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Today in My History

2000:  High Stepping
2001:  In the Arms of the Angel
Dubya, Rudy and Jed
Off and Running
Hit Me with a Meme
2006: 'Tis the Season
2007:  The Poopiest Puppy Ever

No Parole

Books Read in 2008
Updated: 9/10
"Hannah's Dream" 


Vote! from Bev Sykes on Vimeo.

You Tube

Look at these videos!
Wreck of the Straight Talk Express
Hockey Mama for Obama
McCain Doubletalk
Taking it Back from Iraq, Jack
Herding Cats

New on My flickr_logo.gif (801 bytes)

The Rainbow Puppies' 2nd Birthday

Mirror Site, for RSS feed:
Airy Persiflage

Bev's 65 x 365



3 November 2008

The big day is almost here--and I'm more scared than I've ever been.  More scared, even, than the thought of GWB winning a second term...and believe me that was pretty darn scary (and I think history has proven me right to be scared).

I finally turned off TV 24-hr news.  I couldn't take another pundit predicting an Obama win, or another talking head letting me know how McCain was creeping up in the polls.  I've seen polls be wrong before.   Horribly, horribly wrong.  In both directions--the one I wanted and the one I didn't.  I don't want to know the theoretical outcome of Tuesday's vote; I want to know the vote.  And I'm afraid to hope for the best.

Obama's whole campaign has been built around hope.  It was his ability to instill hope in a heart (mine) that I thought had lost all ability to hope that our leaders could inspire us.  They call it soaring rhetoric without any practical experience.  Well, I think we need soaring rhetoric right now.  We've had 8 years of a man looking like a deer in the headlights, tripping over his own words, saying "nucular" and unable to put two words together to form a coherent sentence.  We need someone who is going to inspire us to want to do more than "go shopping" to rebuilt the economy.  We need someone who has the words to inspire us to want to do public service, to feel a part of building this country again.

John McCain won't do that.  Barack Obama will.  From the very early days I listened to him and felt I should go volunteer to do something.  Something to prove that Americans care about each other and the country, that we all want to work together to make this a better country.

I've never had that feeling listening to a McCain speech.

And so I want to hope.  I want to hope that this is going to be a clear victory for Obama.  I'll even settle for a marginal victory.  Just so it's a victory.

But you see, I'm afraid to hope.

I've been a Cal Bears fan for too many years and remember how many times we sat in the stands at a football game groaning 'Oh Cal...you're so....bad!"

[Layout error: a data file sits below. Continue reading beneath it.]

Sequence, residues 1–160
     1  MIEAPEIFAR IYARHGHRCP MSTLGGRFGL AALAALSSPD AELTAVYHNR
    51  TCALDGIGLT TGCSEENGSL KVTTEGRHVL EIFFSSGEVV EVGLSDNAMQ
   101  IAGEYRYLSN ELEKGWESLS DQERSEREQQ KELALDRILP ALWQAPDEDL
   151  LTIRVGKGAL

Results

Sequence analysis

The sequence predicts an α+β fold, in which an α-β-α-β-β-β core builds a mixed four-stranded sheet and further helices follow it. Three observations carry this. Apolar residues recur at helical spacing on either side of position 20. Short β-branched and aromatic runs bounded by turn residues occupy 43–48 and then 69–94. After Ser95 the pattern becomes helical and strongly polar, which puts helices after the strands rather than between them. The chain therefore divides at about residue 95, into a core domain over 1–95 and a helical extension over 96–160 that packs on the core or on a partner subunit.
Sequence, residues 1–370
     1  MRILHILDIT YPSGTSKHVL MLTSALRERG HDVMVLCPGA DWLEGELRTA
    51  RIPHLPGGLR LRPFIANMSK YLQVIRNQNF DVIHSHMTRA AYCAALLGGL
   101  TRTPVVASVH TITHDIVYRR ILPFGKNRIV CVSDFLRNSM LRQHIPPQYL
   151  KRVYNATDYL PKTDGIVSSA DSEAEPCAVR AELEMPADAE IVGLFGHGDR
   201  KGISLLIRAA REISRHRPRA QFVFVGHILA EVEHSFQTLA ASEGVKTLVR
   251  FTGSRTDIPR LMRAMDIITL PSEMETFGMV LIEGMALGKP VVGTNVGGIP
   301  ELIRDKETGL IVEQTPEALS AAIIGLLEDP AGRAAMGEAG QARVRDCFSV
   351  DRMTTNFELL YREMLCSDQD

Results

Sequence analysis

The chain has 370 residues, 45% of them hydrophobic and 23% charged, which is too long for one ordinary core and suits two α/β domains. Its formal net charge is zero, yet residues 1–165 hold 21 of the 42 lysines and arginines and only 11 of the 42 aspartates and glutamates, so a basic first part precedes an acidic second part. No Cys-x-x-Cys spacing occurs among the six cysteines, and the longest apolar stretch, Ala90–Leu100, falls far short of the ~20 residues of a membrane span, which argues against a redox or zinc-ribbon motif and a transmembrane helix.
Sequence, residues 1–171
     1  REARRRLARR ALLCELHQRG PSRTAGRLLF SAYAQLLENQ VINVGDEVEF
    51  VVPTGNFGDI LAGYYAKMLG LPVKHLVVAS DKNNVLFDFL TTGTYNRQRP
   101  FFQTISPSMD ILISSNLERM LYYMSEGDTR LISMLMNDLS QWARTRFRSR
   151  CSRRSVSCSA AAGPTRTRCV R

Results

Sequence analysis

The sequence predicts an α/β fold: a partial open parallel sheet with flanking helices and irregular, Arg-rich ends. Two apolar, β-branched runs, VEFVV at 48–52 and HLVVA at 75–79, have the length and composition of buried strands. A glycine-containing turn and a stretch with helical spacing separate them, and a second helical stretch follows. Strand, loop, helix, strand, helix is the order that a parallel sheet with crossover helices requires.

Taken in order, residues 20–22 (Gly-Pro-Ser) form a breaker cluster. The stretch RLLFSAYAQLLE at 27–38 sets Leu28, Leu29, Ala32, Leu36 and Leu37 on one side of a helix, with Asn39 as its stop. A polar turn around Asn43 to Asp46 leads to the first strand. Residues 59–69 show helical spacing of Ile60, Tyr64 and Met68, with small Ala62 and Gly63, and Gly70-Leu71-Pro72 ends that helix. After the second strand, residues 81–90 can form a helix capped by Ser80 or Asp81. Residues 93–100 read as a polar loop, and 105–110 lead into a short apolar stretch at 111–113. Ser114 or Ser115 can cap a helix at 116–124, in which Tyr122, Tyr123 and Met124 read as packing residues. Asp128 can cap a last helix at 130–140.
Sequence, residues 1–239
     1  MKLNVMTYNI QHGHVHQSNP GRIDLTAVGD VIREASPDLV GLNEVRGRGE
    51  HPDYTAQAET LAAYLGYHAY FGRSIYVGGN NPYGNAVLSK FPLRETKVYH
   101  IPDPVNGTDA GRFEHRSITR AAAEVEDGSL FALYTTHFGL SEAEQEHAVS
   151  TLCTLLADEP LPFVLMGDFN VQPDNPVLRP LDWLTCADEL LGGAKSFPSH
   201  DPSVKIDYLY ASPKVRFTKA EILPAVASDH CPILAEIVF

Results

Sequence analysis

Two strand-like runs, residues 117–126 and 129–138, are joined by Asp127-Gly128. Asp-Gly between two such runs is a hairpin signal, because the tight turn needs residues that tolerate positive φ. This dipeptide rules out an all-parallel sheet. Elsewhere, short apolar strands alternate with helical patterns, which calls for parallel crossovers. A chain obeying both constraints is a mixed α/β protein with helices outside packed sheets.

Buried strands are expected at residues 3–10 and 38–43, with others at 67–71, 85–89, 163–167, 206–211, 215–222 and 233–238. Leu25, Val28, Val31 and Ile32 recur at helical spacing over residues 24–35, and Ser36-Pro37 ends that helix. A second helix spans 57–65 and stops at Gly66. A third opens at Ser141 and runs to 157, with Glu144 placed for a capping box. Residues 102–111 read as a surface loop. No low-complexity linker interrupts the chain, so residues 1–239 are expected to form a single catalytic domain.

I've been a Giants fan for too many years, watching them blow yet another game.

I've been a 49er fan for too many years, especially post-Joe Montana years, watching yet another losing game.

I know about hope, and about having those hopes dashed.  I sometimes get so superstitious that I won't watch a game because I know that if I'm there, or watching, the team is going to lose.  It's me.  I know it's me.

So I'm almost afraid to vote for Obama for fear it will be his kiss of death.

I turned on Fareed Zakaria's show  on CNN today and a group (including Madeline Albright) was talking about what Obama should do about Iran.  I wanted to scream "STOP TALKING...DON'T JINX IT!!!"

When a guy came around last week to talk about Obama, I agreed to help get out the vote on Tuesday.  He explained this would mean calling people in our precinct to remind them to vote.

But then I got a call from a woman who wanted to know if I'd walk the precinct and post information about voting on Tuesday, and I agreed to do that.  I didn't exactly walk it, because the area was "a hefty schlep" (she said) and it was raining, but I did drive around and post my flyers giving information about polling place and reminding people to support Obama.   She promised I wouldn't have to talk to anybody (and I didn't).

It's not exactly working at Obama headquarters and being intensely involved in the campaign, but it's something and the first active campaigning I've done for a candidate since I was part of Scientists and Engineers for Johnson, back in the 1960s, when I was campaigning against the other Senator from Arizona:  Barry Goldwater. 

But Obama is the kind of candidate that makes me want to do something, even if it's calling people to remind them to vote, or walking in the rain to distribute poll place information. 

I so want to hope.

I so hope my hopes aren't going to be dashed.


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